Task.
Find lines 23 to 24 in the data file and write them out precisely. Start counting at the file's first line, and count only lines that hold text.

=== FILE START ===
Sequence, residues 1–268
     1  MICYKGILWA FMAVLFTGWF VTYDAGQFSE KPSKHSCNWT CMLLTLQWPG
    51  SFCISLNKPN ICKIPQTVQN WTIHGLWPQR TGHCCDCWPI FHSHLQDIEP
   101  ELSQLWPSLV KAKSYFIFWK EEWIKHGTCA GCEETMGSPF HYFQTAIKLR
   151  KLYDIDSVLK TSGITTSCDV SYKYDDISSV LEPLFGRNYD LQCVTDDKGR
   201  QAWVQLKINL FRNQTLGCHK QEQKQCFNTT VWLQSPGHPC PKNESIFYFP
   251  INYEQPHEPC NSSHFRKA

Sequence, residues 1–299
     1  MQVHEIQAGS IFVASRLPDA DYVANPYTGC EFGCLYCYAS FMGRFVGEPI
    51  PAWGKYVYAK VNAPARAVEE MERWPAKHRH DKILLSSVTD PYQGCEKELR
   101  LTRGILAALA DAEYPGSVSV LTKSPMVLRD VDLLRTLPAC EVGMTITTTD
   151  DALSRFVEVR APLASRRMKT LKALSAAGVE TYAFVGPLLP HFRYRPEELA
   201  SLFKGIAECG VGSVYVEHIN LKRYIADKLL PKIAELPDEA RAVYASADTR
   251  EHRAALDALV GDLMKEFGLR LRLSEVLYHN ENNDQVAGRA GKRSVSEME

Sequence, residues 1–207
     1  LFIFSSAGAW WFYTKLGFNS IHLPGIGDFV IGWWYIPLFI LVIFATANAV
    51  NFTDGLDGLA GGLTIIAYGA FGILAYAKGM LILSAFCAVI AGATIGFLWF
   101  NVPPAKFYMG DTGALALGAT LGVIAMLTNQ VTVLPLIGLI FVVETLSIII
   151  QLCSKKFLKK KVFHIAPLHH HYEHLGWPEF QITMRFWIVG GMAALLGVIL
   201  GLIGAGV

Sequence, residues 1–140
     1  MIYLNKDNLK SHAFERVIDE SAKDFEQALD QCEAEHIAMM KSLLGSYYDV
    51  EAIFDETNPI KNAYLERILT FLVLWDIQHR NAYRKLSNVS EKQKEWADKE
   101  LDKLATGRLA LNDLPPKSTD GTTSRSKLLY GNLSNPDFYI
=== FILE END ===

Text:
    51  EAIFDETNPI KNAYLERILT FLVLWDIQHR NAYRKLSNVS EKQKEWADKE
   101  LDKLATGRLA LNDLPPKSTD GTTSRSKLLY GNLSNPDFYI